God has given each one of us a special gift that sets us apart from others. Like snowflakes, no two of us are alike. There is only one of you. Each one of us is different, and each one of us has something special to share with others. We play contribute out of who we are!
All too often we look upon the Christian life in terms of duty and obligation. How much better it would be if we saw our faith in Christ as a gift to be received with gratitude and expressed with joy.
Then our attitude in approaching each day would not be to anticipate what is required of us but rather what opportunities will open up for us to use the gifts God has given us.
Another conviction implied in the biblical passage is that the spiritual gifts God provides are rich in their variety.
Unfortunately, rather than band together to use our various gifts to build up the church, we invariably look to one person, a superman, to accomplish our mission for us.
The superman mentality is deeply embedded in our American culture. The original superman did not come from Krypton as some think, but he was created in 1934 by two imaginative Cleveland high school students, Jerry Siegel and Joe Shuster.
Superman survived the Great Depression and has been with us ever since in one form or another. To be sure, we have had such spin-offs as Superwoman, Superboy, Supergirl, even Superdog, and now coming soon the newest flick “Man of Steele”
How we may wish that we had a superperson here in this congregation to lead the way and to solve our knotty problems. Let us not yearn, however, for such a person.
What we do have is something better. God has given a variety of gifts to the church.
Paul lists only two in his prayer of thanksgiving: “speech and knowledge of every kind.” “Speech” might simply refer to the natural ability to proclaim our faith.
“Knowledge” might be the knowledge of the scriptures or sound teaching about God and Jesus Christ.
Of course, there are many more spiritual gifts than these two. Paul in the twelfth chapter of this letter expands the list.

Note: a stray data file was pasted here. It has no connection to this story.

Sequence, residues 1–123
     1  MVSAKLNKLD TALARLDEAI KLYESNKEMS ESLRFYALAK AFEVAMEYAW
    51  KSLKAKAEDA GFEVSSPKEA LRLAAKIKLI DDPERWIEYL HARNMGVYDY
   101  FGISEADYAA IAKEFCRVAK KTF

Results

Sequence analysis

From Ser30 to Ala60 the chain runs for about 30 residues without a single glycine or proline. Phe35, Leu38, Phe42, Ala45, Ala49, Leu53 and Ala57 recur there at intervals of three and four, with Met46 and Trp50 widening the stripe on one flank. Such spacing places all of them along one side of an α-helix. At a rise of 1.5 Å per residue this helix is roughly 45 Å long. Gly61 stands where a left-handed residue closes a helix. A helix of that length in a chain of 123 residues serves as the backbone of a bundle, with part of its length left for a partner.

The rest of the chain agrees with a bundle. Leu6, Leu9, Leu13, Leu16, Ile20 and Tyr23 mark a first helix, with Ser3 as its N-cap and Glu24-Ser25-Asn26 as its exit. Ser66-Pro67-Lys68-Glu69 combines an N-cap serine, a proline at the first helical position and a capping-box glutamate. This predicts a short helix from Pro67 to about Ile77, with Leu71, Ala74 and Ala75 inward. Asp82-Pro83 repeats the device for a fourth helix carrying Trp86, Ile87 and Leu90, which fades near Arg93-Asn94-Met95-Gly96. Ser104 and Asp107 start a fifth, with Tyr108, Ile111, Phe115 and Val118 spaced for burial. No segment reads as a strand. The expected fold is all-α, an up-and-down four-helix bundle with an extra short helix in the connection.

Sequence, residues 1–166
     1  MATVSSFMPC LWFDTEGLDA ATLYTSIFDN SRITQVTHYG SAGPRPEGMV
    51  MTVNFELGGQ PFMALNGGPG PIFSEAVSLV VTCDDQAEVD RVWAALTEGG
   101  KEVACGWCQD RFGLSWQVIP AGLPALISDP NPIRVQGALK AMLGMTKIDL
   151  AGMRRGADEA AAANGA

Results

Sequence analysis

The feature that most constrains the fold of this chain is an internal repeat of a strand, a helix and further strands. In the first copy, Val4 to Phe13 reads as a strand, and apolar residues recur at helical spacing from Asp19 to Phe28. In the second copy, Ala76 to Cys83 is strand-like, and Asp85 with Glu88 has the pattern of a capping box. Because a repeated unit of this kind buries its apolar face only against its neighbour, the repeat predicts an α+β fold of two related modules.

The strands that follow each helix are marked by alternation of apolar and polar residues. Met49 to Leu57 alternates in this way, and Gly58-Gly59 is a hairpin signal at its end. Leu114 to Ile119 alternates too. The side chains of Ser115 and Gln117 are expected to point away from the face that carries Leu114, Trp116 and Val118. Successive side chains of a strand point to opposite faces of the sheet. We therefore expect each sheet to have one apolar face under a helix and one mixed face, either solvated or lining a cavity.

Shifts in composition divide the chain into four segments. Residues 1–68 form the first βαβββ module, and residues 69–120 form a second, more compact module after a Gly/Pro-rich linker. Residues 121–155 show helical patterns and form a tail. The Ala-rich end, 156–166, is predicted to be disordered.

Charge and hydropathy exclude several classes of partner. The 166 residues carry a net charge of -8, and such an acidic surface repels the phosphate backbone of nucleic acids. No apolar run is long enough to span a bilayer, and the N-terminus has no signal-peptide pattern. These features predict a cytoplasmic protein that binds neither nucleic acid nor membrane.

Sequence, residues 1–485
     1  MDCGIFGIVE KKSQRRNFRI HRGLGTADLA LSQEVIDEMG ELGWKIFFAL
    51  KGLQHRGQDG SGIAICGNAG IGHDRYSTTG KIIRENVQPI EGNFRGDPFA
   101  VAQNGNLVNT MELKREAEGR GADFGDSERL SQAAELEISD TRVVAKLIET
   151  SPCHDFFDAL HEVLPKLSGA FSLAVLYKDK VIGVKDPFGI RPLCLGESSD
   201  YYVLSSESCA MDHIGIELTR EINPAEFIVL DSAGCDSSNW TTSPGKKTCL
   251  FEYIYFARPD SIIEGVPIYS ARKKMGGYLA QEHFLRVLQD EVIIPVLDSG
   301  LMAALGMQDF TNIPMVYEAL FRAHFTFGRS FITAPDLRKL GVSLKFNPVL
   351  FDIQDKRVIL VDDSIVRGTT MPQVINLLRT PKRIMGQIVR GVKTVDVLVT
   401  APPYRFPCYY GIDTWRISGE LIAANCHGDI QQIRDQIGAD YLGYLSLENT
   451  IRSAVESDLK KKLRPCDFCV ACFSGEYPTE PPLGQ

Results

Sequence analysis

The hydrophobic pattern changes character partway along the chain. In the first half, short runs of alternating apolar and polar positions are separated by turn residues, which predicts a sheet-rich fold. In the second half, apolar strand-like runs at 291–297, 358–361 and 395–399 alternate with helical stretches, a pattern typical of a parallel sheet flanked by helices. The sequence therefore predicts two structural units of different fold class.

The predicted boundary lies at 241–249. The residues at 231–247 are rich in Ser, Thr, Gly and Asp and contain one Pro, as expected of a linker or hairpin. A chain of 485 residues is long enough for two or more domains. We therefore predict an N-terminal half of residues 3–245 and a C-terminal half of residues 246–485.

Just think of the rich variety of spiritual gifts God has given us in this congregation: those who know how to work with their hands, caring for the building, good at repair work and construction; those who prepare food, know how to organize and how to be hospitable; those who assist in worship or teach in a small group; those who have the gift of visitation, bringing cheer to neglected persons; those who have the gift of stewardship, who have sound business minds and know how to invest in the name of the Lord; those who have the gift of being lighthearted, who smile easily, who remind us we need to play more. We do not need Superman when we have such a rich variety of spiritual gifts in our own midst.
And not only has God gifted each one of us and not only do we have a variety of spiritual gifts, but also if these gifts are exercised with vigor the whole church’s life and mission will be strengthened.
Bud Wilkinson, onetime coach of the fabulously-successful University of Oklahoma football team in the 1940s, once described the game of football as “50,000 people who desperately need exercise watching 22 people who desperately need rest.”
Wilkinson’s description of a football game might be aptly applied to the way not a few congregations operate.
Is it not true that frequently a few dedicated people exhaust themselves trying to do the work of the church while many others sit in the stands wondering why more is not being done?
How much better if all the people of God who are able, not just a few, exercised their particular gifts so that the whole body of faith would be built up, strengthened and enriched.
Someone once said: “Every person called by Jesus Christ into his Body is given a gift, and he is to employ it on behalf of the whole body, thus making it to function smoothly and know richness and power.”
May we all exercise our gifts to that end and study and learn what our particular gift is and then use it for the upbuilding of this church.
Good stewardship is not just about money but the use of our talents for the whole body.
I have found out that most people’s gift is already being used in some capacity outside the church.
Often one needs to only see what it is they like to do to discover their gift.
For example if you sing in the shower why not sing in the choir?
If you are good with your hands why not put them to use here?
If you like to be around children why are you spending all your time around adults?
Every gift is important but put them together and they become divinely appointed to build up Christ’s holy church.
Rev. Joseph Curtis
Reading from Proverbs 8: 22-31
Our Scripture lesson today comes from the book of Wisdom we call Proverbs.
The Scripture describes wisdom as one of God’s first works.
Scripture reports that the source of all wisdom is found in God, and this wisdom was perfectly demonstrated in the word made flesh Jesus Christ.
It is therefore appropriate on this Trinity Sunday to speak of wisdom.
So as we begin to look toward our second year together I want to share with you a few nuggets of wisdom about church life.